Who is Art Pope?
Art Pope is a conservative billionaire who acted as a central figure in the right-wing takeover of North Carolina in the 2010 elections. The head of Variety Wholesalers and the $150 million Pope Family Foundation, Pope orchestrated a well-funded political operation that sustained after the 2010 election cycle, transforming into think-tanks that influenced politics to move North Carolina “closer to the conservative vision he has long imagined.” He was “instrumental” in funding political groups that spent hundreds of thousands of dollars on ads against Democrats and instilling a conservative supermajority. Independent analysis of tax records and disclosures show that Pope spent over $2 million in the 2010 and 2012 cycles each.
Specifically, his mission was to make North Carolina politics more hospitable to big-business through state budgets that prioritized regressive tax code, environmental deregulation, and school privatization. He was able to actualize this vision in 2013, when newly-elected Governor Pat McCrory, whose campaign Pope heavily funded, named Art Pope as his state budget director. 2013 was also the year of the landmark conservative tax reform, which has been central to the dominance of big-business interests in the legislature. The legislation replaced a multi-bracket income tax with a lower flat tax, cut corporate taxes, and broadened sales tax. Notably, the Trump administration modeled its current tax plan after the North Carolina overhaul.
David Lewis, who was then the Chairman of the House Finance committee where the major reform originated, received tens of thousands of dollars from the Pope Family. McCrory praised Pope’s involvement in the state budget, noting “We couldn’t have done it without Art Pope…it wouldn’t have happened without his incredible relationship building and knowledge of the state budget.”
Pope is both a donor and critic of UNC-Chapel Hill, his alma mater. He has given UNC Chapel Hill millions of dollars and also funneled millions into think tanks that lambast the university as a haven for liberal political correctness. As McCrory’s state budget director, he was responsible for the university’s future.
The BOG/Pope Connection
Almost one third of the UNC Board of Governors is connected to Pope. The BOG contains four former state legislators (two from the House and two from the Senate) who were in the North Carolina General Assembly while Pope was state budget director: Robert Rucho, Rob Bryan, Leo Daughtry, and Thom Goolsby.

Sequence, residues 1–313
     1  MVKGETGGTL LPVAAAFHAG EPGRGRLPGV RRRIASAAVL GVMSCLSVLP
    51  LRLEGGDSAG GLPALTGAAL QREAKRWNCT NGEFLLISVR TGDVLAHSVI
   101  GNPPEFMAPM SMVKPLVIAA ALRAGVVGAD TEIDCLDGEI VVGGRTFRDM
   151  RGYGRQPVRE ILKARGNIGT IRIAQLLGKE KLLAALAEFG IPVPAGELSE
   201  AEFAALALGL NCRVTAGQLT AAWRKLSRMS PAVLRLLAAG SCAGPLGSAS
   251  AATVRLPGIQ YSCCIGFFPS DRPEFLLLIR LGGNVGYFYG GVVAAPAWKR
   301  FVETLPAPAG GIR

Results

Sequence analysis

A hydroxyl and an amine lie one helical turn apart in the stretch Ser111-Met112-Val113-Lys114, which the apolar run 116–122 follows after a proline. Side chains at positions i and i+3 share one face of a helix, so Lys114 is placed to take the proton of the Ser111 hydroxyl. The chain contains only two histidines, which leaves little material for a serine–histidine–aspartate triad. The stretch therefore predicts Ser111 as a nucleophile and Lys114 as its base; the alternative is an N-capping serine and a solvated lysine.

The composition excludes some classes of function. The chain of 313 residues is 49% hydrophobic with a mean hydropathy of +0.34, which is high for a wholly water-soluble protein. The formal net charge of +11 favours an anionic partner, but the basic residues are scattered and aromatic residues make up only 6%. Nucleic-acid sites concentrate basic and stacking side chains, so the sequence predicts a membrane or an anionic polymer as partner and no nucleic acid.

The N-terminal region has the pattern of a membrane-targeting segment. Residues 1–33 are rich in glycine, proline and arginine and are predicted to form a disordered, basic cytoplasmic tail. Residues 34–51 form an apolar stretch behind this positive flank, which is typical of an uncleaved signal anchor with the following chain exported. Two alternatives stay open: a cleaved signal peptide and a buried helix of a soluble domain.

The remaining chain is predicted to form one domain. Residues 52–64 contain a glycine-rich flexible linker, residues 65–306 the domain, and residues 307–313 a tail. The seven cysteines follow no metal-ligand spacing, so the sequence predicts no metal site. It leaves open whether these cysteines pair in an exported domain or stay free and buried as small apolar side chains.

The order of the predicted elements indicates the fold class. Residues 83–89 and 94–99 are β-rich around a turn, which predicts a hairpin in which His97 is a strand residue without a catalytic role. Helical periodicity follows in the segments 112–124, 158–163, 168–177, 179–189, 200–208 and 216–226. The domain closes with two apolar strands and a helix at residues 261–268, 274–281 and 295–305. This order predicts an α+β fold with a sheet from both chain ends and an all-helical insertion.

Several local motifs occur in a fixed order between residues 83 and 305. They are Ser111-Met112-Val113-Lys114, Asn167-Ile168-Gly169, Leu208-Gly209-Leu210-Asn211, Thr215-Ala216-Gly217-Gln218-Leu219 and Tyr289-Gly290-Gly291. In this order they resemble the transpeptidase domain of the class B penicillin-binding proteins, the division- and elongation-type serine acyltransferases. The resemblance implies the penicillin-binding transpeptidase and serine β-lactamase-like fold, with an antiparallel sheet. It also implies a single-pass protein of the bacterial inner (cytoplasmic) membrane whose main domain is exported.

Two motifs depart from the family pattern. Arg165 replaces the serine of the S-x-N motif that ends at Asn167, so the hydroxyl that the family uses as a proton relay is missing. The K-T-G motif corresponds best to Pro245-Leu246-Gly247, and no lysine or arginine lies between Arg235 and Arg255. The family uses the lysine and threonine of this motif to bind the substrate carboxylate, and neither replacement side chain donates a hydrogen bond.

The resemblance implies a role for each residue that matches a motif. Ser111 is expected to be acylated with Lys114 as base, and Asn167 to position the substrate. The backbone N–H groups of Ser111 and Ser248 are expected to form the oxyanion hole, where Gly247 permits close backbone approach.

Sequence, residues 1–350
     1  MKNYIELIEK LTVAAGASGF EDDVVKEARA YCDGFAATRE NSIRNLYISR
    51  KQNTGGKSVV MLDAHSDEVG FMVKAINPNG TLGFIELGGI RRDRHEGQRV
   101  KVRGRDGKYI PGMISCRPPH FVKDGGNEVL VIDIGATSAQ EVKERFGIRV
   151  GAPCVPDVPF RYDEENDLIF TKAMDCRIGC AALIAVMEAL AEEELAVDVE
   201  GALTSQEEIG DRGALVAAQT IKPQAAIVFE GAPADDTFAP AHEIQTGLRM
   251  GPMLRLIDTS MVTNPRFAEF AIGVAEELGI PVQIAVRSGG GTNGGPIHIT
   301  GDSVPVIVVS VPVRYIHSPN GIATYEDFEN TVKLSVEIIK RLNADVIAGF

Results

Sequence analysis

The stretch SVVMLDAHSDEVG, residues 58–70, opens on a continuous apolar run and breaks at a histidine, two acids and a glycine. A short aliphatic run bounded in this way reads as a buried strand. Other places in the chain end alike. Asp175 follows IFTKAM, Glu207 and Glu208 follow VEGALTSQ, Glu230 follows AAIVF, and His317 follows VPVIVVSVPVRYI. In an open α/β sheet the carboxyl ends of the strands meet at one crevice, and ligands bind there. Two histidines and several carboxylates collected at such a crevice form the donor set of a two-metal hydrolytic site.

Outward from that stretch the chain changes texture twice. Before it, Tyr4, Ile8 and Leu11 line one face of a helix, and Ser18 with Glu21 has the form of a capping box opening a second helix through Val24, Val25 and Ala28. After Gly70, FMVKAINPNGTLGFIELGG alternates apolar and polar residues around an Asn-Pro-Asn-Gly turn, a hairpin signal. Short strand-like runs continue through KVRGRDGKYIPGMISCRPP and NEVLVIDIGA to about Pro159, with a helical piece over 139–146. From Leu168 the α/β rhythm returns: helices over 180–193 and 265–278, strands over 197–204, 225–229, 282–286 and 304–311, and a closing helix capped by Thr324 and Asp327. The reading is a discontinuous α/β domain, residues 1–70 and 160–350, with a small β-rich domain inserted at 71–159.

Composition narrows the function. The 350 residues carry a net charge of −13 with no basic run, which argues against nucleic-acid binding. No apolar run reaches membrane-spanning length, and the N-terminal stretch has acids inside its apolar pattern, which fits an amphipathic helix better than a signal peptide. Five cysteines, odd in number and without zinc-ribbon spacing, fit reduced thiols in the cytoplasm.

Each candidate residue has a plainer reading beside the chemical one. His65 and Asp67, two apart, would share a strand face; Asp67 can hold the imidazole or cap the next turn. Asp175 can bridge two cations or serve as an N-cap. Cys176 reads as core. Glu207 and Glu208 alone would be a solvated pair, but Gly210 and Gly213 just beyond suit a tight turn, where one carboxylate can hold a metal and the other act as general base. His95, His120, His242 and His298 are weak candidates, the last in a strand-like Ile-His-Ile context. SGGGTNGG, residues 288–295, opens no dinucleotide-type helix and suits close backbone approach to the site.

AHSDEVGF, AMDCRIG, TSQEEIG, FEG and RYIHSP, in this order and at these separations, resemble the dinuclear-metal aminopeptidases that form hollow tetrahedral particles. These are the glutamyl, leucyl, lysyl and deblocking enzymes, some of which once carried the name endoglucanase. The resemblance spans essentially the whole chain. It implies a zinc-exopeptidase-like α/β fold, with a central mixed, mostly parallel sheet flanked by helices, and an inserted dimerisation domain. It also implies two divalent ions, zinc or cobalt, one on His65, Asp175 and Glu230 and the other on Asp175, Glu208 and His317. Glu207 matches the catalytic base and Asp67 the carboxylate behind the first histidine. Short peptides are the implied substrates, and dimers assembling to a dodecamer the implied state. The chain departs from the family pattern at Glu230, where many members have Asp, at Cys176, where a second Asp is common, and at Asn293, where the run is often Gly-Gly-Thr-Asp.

Moreover, two of the Pope-funded groups Real Jobs NC and Civitas Action that helped conservatives take over the legislature have connections to current BOG members that have deep conservative ties. According to an email from a longtime GOP consultant, David Powers helped with Real Jobs NC, a group that backed Republican candidates early in the 2010s and helped McCrory in his reelection bid. Powers, who has “extensive experience” in national Republican politics, was involved in the fundraising for Real Jobs NC during his tenure on the BOG. Board Member Steven Long, who was central to pushing the litigation ban at the UNC Center for Civil Rights, is also a former board member at Civitas Institute.
However, the board member that perhaps most embodies these connections is Tom Fetzer. Fetzer’s 2017 appointment to the BOG was widely seen as a GOP strategy to “tilt” the board in a more conservative direction. Fetzer, who was elected NCGOP chairman in 2009, learned how to be a political operative from late U.S. Sen Jesse Helms. Helms, a noted segregationist whose tactics planted the seed for present-day efforts to foreclose voting rights, is a notorious forefather of the present-day conservative movement. Fetzer was chairman of the North Carolina Republican Party in 2010 when Republicans won both the North Carolina House and Senate. This victory would not have been possible without $1.7 from Real Jobs NC and Civitas Action. Fetzer himself said the win would not have been possible without the “powerful element” of outside groups, noting “I felt this building for a long time.” Fetzer learned his trade under the purview of someone who enabled another generation of politicians to stand for bigotry and trade on fear.
In 2015 a conservative BOG installed former Bush Education Secretary Margaret Spellings after forcing out Tom Ross. Spellings previously served on the Board of Directors for the Apollo Group, which lists the University of Phoenix as its “Flagship Institution.” The Spelling Commission was “one of the first proponents of performance-based funding in higher education.” McCrory’s performance-based rhetoric (echoed by members of a conservative BOG) matched Pope’s vision for higher education. In 2015, for example, McCrory wanted to change state funding formulas so that funding was given based on how many graduates got jobs.
David Powers, the chairperson of the Committee on University Governance, called Margaret Spellings a “that ‘game-changer’ that we all dream of.” He also once suggested during tuition and fee proposals that the Board look at a system of tuition that would be set according to the major and market conditions. Powers said, “I know you can’t operate the university entirely like a business,” but noted that charging a higher rate for some degrees was almost a “teaching moment” for business students.
Understanding Art Pope’s influence is critical to understanding how the UNC Board of Governors is a critical instrument of yielding conservative power.